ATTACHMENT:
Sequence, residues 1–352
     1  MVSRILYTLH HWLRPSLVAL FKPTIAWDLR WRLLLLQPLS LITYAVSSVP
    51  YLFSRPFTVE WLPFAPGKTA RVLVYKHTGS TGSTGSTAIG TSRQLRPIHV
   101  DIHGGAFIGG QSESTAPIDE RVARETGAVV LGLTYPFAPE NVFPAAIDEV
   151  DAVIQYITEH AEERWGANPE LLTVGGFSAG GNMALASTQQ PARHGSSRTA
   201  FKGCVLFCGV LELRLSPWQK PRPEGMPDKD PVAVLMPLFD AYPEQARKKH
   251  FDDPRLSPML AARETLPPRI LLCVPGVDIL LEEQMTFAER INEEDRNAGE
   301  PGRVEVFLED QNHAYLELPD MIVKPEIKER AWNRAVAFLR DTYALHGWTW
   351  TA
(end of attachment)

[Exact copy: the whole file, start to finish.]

Sequence, residues 1–352
     1  MVSRILYTLH HWLRPSLVAL FKPTIAWDLR WRLLLLQPLS LITYAVSSVP
    51  YLFSRPFTVE WLPFAPGKTA RVLVYKHTGS TGSTGSTAIG TSRQLRPIHV
   101  DIHGGAFIGG QSESTAPIDE RVARETGAVV LGLTYPFAPE NVFPAAIDEV
   151  DAVIQYITEH AEERWGANPE LLTVGGFSAG GNMALASTQQ PARHGSSRTA
   201  FKGCVLFCGV LELRLSPWQK PRPEGMPDKD PVAVLMPLFD AYPEQARKKH
   251  FDDPRLSPML AARETLPPRI LLCVPGVDIL LEEQMTFAER INEEDRNAGE
   301  PGRVEVFLED QNHAYLELPD MIVKPEIKER AWNRAVAFLR DTYALHGWTW
   351  TA